“Obsessed” wouldn’t be too sharp a description. Not with the math, which isn’t more advanced than high school trigonometry. Rather with the problem itself, and the opportunities it offers students to think mathematically.
In its current form, those opportunities are limited. In its current form, the problem asks students to read given information (and a lot of it), recall a formula, and calculate the result. That’s important mathematical thinking but hardly the most important kind of mathematical thinking (a statement of opinion) and not the only kind of mathematical thinking the context offers us (a statement of fact). There are more mathematical opportunities, and more interesting ones, than the problem offers in its current form.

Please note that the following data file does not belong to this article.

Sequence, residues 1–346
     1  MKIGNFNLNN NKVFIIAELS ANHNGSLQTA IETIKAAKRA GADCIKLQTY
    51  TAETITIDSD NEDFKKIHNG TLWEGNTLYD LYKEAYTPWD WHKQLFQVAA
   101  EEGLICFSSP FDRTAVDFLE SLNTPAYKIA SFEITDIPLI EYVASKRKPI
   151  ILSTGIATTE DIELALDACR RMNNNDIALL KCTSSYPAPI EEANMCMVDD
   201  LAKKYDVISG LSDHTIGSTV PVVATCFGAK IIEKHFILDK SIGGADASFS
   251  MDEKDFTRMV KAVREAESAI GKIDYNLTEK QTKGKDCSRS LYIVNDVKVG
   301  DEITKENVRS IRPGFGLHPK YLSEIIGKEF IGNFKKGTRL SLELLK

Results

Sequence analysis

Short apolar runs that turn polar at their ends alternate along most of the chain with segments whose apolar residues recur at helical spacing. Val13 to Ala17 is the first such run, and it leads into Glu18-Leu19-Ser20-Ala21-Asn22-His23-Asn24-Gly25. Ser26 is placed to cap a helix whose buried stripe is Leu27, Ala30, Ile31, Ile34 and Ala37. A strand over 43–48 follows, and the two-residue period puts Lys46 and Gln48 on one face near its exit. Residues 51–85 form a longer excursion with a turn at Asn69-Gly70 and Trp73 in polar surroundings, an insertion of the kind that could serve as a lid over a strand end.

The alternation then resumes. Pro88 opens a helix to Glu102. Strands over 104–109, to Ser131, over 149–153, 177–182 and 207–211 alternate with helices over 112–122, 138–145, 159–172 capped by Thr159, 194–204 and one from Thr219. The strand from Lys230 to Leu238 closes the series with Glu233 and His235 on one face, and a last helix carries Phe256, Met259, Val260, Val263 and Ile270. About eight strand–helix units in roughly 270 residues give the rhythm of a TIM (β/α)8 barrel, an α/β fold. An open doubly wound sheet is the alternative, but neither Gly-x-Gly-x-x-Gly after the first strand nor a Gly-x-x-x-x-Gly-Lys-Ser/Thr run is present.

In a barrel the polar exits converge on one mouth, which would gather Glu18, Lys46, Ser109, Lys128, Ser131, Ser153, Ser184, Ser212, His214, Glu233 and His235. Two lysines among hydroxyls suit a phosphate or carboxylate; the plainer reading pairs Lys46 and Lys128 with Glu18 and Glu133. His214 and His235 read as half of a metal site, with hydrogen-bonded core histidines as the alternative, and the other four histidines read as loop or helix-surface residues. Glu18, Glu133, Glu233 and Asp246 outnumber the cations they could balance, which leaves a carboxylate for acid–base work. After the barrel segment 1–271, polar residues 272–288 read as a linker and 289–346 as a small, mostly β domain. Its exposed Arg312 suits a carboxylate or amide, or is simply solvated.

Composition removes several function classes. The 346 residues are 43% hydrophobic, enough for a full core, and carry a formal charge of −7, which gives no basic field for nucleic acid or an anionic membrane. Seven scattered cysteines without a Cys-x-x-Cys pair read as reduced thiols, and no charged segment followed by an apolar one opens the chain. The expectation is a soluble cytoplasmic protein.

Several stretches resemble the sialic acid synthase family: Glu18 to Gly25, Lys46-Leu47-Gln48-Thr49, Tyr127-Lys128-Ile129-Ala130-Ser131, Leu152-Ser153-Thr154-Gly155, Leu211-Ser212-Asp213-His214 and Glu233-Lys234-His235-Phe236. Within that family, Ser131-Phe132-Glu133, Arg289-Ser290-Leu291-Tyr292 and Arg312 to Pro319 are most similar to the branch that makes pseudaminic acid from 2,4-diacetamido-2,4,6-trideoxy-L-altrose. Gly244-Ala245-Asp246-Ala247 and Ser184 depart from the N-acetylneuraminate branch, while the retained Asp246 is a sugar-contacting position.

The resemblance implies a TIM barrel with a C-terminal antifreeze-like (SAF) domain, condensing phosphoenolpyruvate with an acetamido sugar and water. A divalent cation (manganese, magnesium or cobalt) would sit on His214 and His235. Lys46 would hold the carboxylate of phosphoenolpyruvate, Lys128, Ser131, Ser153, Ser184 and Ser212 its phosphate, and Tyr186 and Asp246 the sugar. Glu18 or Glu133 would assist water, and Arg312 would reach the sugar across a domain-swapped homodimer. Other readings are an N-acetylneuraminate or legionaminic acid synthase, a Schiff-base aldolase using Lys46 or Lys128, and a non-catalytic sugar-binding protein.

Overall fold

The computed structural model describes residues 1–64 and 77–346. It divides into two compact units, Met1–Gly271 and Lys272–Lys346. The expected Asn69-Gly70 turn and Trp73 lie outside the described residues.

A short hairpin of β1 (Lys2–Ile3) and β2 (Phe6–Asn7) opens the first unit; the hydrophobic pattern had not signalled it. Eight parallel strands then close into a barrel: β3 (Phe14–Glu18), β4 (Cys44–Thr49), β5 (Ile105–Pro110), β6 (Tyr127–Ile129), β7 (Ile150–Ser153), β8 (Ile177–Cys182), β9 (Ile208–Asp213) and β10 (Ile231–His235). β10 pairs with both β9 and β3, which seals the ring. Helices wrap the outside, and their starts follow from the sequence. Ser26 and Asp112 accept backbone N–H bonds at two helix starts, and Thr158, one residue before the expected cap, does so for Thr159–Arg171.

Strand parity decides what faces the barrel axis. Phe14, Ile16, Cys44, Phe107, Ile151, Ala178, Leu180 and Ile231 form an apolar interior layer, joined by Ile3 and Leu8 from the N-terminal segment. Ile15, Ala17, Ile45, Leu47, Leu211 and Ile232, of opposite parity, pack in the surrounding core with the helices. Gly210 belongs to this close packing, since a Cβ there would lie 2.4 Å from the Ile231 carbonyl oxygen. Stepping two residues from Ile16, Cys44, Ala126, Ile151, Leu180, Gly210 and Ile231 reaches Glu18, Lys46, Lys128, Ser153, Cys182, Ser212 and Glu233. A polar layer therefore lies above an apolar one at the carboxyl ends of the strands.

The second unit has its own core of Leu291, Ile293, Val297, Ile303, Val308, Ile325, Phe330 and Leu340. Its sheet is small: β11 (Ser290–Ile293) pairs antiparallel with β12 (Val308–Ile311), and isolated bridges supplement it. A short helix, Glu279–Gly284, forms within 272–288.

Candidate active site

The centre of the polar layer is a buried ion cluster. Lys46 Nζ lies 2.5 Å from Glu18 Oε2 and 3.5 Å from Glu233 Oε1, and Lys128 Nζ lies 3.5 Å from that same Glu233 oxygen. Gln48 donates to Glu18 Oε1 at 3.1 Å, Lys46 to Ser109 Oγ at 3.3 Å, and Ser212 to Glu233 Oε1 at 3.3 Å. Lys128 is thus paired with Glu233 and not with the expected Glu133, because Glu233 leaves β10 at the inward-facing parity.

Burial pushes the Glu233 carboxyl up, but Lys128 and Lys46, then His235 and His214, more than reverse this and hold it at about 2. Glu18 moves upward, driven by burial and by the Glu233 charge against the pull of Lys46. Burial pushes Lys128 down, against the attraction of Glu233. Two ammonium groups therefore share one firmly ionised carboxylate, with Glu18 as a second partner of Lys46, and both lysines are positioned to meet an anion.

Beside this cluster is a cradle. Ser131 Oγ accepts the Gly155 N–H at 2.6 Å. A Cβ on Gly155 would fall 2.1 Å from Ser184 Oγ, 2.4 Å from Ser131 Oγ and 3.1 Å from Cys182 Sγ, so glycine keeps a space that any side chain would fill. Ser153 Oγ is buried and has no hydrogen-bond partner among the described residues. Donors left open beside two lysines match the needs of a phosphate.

So change that! How would you makeover this problem and help students experience all those interesting opportunities to learn mathematics?
On Monday, I’ll offer my own thoughts, along with a collaboration with Chris Lusto.